Scottish Schools Education Research Centre
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SSERC is a Local Authority shared-service providing support across all thirty-two Scottish Education Authorities. Our services are available to elected members and officers of Local Authorities, teachers, student teachers and technicians. In addition, the majority of FE colleges and independent schools within Scotland are members of our organisation. Find out more about SSERC in our information leaflet.
STEM Strategy (adapted from http://www.gov.scot/Topics/Education/Schools/curriculum/STEM/STEMStrategy)
The Scottish Government has published a STEM Education and Training Strategy for Scotland for consultation, seeking views on its approach to delivering a high quality education and training offering, across the education system. The draft Strategy has two aims:
- To improve levels of STEM enthusiasm, skills and knowledge in order to raise attainment and aspirations in learning, life and work.
- To encourage the uptake of more specialist STEM skills required to gain employment in the growing STEM sectors of the economy, through further study and training.
At a recent meeting held in SSERC, Professor Sheila Rowan (the Chief Scientific Adviser to the Government), encouraged all those with an interest in science education to respond to the consultation. SSERC has produced its own response to the consultation and this can be accessed here together with additional material in an associated appendix.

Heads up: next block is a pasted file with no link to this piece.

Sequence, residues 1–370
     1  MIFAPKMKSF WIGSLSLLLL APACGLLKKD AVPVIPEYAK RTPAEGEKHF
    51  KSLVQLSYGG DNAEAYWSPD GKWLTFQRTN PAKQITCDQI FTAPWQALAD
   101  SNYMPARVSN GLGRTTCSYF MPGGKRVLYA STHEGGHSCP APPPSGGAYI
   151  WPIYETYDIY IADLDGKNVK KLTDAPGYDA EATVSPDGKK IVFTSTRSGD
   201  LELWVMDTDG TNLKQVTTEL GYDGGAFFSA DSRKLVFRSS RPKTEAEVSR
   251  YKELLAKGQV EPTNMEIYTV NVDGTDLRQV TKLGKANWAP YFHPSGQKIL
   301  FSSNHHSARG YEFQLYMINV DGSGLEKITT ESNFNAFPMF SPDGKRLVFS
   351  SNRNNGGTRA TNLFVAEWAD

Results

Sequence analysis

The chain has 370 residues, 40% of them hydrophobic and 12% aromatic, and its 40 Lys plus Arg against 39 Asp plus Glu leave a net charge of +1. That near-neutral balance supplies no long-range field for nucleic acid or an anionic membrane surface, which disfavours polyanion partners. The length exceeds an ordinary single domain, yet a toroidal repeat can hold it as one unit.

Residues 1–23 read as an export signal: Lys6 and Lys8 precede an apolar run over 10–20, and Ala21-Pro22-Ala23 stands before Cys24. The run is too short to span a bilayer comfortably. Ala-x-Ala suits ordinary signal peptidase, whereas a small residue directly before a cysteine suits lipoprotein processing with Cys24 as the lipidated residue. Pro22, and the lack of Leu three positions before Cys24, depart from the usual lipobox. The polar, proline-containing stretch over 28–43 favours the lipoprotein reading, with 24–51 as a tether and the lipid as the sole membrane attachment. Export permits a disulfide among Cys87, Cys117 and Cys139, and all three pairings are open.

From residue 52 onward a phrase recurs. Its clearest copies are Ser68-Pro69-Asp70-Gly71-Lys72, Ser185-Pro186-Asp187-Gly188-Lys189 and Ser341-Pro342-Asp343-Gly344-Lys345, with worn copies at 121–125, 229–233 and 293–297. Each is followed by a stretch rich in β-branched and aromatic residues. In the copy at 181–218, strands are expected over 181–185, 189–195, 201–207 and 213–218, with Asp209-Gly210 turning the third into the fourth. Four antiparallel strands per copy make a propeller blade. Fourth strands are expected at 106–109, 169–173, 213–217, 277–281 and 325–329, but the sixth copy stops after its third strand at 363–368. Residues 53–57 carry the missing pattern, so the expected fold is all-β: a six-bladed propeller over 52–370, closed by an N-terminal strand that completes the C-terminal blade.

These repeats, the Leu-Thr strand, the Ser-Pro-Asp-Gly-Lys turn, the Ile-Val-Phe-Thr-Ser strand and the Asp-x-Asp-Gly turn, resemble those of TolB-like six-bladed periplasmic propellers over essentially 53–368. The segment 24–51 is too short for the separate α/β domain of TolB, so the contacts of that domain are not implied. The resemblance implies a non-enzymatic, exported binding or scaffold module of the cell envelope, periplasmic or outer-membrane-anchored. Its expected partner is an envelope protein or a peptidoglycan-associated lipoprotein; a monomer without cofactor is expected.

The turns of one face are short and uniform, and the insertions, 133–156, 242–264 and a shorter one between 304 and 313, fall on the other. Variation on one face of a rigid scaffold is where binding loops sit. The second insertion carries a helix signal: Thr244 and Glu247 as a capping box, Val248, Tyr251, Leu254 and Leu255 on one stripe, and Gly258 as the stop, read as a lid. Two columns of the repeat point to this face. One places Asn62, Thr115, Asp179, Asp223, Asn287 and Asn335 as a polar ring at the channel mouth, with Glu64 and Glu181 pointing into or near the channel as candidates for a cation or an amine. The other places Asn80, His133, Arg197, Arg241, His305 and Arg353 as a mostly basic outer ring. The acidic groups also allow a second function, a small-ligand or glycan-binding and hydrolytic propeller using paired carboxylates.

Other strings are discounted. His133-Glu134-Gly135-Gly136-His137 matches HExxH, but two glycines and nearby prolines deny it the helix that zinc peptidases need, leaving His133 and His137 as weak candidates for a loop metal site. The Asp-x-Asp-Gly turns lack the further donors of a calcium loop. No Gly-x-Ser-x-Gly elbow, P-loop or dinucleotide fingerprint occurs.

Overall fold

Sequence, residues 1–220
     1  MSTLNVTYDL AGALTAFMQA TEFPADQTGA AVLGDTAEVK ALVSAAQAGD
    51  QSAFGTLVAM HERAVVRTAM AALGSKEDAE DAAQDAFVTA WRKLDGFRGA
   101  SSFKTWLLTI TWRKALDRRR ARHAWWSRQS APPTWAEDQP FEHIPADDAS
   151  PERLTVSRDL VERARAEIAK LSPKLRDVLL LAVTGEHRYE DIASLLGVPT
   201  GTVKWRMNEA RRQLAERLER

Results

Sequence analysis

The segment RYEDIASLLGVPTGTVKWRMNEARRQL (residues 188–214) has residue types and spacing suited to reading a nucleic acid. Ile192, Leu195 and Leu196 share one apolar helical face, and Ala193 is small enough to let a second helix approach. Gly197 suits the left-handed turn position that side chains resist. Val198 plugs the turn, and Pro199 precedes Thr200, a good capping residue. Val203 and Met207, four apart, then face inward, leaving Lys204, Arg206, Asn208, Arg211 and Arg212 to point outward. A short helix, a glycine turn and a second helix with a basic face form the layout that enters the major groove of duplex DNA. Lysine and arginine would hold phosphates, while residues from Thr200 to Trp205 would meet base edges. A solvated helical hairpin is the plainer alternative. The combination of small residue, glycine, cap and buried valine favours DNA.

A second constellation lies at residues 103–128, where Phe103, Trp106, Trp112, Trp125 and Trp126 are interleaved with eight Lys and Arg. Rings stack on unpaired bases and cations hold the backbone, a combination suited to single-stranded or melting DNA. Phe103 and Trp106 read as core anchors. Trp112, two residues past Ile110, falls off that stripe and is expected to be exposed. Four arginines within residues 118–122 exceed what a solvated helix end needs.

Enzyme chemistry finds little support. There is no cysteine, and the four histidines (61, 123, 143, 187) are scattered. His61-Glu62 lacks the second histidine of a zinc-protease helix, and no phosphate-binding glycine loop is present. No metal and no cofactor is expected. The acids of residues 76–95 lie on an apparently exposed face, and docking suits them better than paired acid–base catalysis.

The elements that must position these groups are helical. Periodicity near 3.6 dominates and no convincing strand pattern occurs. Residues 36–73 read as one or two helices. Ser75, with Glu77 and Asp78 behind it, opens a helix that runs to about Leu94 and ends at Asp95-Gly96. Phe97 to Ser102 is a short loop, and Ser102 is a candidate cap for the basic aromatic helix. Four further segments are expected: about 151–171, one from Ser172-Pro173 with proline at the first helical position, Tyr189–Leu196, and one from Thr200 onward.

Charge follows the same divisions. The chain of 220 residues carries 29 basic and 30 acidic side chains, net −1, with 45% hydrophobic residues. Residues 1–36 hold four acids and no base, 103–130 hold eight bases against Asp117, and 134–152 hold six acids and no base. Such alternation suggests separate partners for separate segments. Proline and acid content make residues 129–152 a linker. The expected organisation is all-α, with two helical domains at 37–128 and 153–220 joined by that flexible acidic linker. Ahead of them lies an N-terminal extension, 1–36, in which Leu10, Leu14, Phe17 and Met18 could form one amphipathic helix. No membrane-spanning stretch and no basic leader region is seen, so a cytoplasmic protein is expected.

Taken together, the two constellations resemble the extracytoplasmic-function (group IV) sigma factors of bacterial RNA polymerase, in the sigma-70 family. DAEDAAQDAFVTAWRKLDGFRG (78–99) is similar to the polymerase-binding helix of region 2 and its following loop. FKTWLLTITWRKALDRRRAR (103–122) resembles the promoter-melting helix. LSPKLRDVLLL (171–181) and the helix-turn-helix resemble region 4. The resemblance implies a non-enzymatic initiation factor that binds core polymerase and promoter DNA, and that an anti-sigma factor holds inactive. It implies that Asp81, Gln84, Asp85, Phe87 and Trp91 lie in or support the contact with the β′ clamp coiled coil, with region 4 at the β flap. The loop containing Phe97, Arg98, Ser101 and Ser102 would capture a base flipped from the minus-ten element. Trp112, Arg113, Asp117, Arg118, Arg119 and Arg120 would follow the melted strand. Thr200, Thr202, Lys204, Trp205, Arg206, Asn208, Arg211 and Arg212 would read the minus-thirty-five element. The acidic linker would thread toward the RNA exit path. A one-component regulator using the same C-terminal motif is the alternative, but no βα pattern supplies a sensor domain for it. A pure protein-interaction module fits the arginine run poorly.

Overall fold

Storage and disposal of chemicals – 2,4-dintrophenyl hydrazine
In response to recent reports of issues related to the storage of 2,4-dinitrophenyl hydrazine we have produced detailed guidance for schools. This guidance can be accessed here.
We have received a number of calls/enquiries about methods of disposal of 2,4-dintrophenyl hydrazine and we have recently published guidance which can be accessed here.
On a broader front, there have been a few incidents in schools recently resulting from the incorrect storage/management and/or monitoring of chemicals.
We published an article about flammables and their storage in a recent issue of the SSERC Bulletin and we will be following this up in our Spring 2017 issue with a reminder that chemicals need to be stored and managed effectively; we will also detail how this can be achieved. There are good safety and economic reasons why this should happen. Poor storage conditions can cause, or increase the rate of, deterioration of the chemicals and this can lead to them becoming ineffective or in some cases more hazardous.
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